Carbide tools vs HSS or other quality conventional gouges

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Forum topic by woodman44 posted 03-27-2015 06:30 PM 2283 views 0 times favorited 6 replies Add to Favorites Watch
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43 posts in 2926 days

03-27-2015 06:30 PM

I have researched this topic on this site and it seems the concensus of opinion is that Carbide tips are best for hogging out bowl blanks etc. and conventional gouges for finishing for a smooth finish.

I am a new turner and I currently have Thompson tools (1/2” & 3/8” deep V bowl gouges & 1 1/4” scraper). I am having trouble removing the tools ring marks where the bowl wall turns to the bottom with the tools I have. A friend of mine swears by the EWT tools he has (both the square tip and round tips) for finishing his bowls with NO ring marks.

So I guess I am confused by seeing these contradictory results. I don’t think that the maunufacturer of the carbide tips is critical as long as you buy USA made tips. Please weigh in if this is not the case.

Can anyone clear up my confusion?


-- Ken, Michigan

6 replies so far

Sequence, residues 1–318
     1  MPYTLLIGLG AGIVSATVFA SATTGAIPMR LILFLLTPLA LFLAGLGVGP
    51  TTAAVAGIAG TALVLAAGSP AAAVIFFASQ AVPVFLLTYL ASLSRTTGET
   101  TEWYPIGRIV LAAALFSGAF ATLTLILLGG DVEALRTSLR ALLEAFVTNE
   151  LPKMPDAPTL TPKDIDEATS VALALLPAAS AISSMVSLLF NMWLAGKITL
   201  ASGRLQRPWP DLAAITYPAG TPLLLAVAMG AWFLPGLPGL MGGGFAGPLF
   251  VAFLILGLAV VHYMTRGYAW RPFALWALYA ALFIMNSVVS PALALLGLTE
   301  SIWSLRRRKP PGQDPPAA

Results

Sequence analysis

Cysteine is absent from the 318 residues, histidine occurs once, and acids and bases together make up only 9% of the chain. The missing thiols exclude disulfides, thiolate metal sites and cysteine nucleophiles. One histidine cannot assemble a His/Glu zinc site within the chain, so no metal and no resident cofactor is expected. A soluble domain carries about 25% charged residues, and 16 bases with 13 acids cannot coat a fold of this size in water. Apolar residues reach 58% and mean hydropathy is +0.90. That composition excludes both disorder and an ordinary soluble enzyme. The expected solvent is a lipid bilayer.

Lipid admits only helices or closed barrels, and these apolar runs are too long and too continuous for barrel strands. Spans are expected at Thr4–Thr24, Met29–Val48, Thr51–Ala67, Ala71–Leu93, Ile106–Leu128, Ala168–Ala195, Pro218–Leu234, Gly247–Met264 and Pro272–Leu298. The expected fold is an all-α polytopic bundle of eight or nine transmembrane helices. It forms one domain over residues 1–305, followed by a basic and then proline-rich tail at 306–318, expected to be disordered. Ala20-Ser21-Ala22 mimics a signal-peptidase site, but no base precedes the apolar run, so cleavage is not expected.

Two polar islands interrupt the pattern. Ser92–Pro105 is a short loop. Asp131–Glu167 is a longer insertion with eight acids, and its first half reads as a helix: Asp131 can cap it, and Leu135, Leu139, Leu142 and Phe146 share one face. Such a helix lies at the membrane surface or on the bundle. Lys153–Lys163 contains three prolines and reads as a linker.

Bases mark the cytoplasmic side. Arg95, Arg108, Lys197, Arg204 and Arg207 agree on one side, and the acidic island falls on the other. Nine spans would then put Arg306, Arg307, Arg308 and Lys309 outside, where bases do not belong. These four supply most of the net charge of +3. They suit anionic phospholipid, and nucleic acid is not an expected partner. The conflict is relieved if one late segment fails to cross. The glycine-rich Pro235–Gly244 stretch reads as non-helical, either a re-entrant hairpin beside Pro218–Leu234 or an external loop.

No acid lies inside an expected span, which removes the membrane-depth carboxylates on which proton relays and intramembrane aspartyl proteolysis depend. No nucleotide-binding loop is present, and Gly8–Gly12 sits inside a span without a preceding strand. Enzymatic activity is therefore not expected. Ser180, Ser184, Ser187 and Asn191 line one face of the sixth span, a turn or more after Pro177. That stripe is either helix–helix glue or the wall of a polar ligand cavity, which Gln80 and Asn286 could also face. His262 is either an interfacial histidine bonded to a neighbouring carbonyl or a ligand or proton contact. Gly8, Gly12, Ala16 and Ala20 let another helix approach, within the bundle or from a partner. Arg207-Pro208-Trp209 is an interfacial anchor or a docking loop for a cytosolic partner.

View Wildwood's profile


2525 posts in 2370 days

#1 posted 03-27-2015 09:26 PM

Cannot answer the question whether carbide tip or conventional turning tools better or worse! The right tool for the task before you depends upon several things!

Your skill with the tool(s) you are using. Only way to find out what works for you is gaining experience. Other than sharp tools and knowing when to hog out wood and refine the cuts to light passes comes with experience. Bevel angles, shape of the flutes U, V, or parabolic all have their place. Lot of turners prefer a U shape bowl gouge for transitioning from sides of the bowl to the bottom. For other turners and does not matter shape of the gouge or whether using fingernail or side ground tools or bevel angle. You have to learn what works for you.

Have more than one gouge and use both fingernail & side grind with bevel angles ranging from 45, 55, 60 degree bevel angles and have both U & V shape flutes. Wood species, grain orientation, and design tells me which tool to use and when. For years only used simple ½” U shape gouge to completely turn a bowl.

In bowl turning can use push or pull cut or shear scraping with gouge or scraper learn how and when to use any or all that work for you.